Partnering with integrity
Recently the APA entered into its first partnership with an Indigenous-owned business, Integrity Health & Safety, which provides first-aid equipment, supplies and training. A conversation with co-founder Liam Harte about the company.
Integrity Health & Safety is an Indigenous-owned company based in New South Wales, supplying defibrillators and other first-aid equipment and supplies as well as training.
The company was started by NSW paramedics Liam Harte and Brad Goodwin, both Aboriginal men.
‘We were on an Aboriginal leadership program with the NSW Government and we got to talking about where the opportunities would lie in business.
'As paramedics it made sense to do first aid and that’s where we started, initially as Integrity First Aid Training,’ says Liam, a Dunghutti man and an intensive care paramedic.
As the company grew, it expanded organically from training to supplying first-aid kits, then defibrillators.
When vaccinations were added, says Liam, the conversation moved from just first aid to workplace health and safety and the company rebranded as Integrity Health & Safety.
The company, which has been operating for eight years, now works with a number of state and federal government entities, including the Australian Taxation Office and the Departments of Defence and Health, and large corporates, including EY and Qantas, delivering seasonal flu vaccination services, providing defibrillators to workplaces and running first-aid training courses.
One of the biggest challenges for the company has been to get over external biases about the capability of an Aboriginal business and show that they can provide products and services equivalent to those of anyone else in the sector.
The introduction of Indigenous procurement policies by both governments and corporations has meant that Integrity Health & Safety has been able to work with state governments and the Australian Government as well as some of Australia’s largest companies.
‘The Australian Taxation Office was one of our very first clients and what was a small order for them was a game changer for us.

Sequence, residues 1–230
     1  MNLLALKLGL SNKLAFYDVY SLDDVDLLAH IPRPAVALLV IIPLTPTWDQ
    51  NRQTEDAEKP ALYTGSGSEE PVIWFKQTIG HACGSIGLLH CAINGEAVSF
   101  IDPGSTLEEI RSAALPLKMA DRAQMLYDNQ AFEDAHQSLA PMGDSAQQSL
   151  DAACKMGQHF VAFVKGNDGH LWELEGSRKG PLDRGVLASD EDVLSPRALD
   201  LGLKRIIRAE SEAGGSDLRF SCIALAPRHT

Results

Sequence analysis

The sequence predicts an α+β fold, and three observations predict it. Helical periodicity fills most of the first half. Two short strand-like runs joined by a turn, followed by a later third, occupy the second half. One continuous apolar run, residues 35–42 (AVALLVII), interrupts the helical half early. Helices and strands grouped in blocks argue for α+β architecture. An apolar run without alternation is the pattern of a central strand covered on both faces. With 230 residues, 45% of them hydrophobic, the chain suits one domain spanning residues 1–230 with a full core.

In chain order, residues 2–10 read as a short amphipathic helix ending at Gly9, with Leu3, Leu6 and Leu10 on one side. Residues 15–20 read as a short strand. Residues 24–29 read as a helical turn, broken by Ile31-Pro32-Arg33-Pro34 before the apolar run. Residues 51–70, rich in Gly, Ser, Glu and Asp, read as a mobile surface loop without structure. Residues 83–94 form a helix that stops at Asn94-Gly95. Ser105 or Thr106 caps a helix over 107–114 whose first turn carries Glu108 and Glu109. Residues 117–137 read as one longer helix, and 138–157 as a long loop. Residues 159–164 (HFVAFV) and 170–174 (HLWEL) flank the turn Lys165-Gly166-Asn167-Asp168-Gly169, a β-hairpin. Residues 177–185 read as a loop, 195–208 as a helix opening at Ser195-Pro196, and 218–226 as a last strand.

'Getting over those biases of engaging with us and having those first conversations is a big step,’ Liam says.
‘Once we start working with organisations we have a very high retention rate, where we’re almost militant with our service for our clients because people do business with people—that’s built through relationships.
'We’re not a big entity that you email and then hope somebody gets back to you.
'Often we form long-lasting relationships with our clients.’
As more Australian companies develop Reconciliation Action Plans, companies like Integrity Health & Safety have a dual role of providing the products and services required while also assisting the customer to meet their obligations to do more business with Aboriginal and Torres Strait Islander-owned companies.
Liam says that forming relationships with Aboriginal Chambers of Commerce and with Supply Nation is important for Aboriginal and Torres Strait Islander businesses.
‘Organisations like Supply Nation and the state-based chambers really help to lift the capacity of Aboriginal and Torres Strait Islander businesses, both to deliver and to be sustainable models.’
Like many other Indigenous-owned businesses, Integrity Health & Safety puts a high priority on giving back to the Aboriginal and Torres Strait Islander community.
The company has a social impact program aimed at closing the gap in healthcare for Aboriginal and Torres Strait Islander people in Australia.
Through its social impact program, Integrity Health & Safety supports the professional development of Aboriginal and Torres Islander nurses by providing funding towards clinical and leadership courses to assist with building the healthcare capability of those nurses, especially in regional and remote communities.
They also work closely with the Congress of Aboriginal and Torres Strait Islander Nurses and Midwives, supporting nurses to attend conferences and participate in their leadership journeys.
‘We support Aboriginal nurses through their clinical studies or their leadership journeys—they are two different streams of education that need support, but both are key for successful communities and for culturally safe, culturally correct care to be given in communities.
'There are a lot of studies that support better outcomes for our little ones when Aboriginal nurses provide care,’ Liam says.
‘Our social impact is really key to why we do what we do.
'To me it’s always been essential that Aboriginal advancement in health and in business should be led by us and driven by us.’
Main image: Integrity Health & Safety co-founder Liam Harte.
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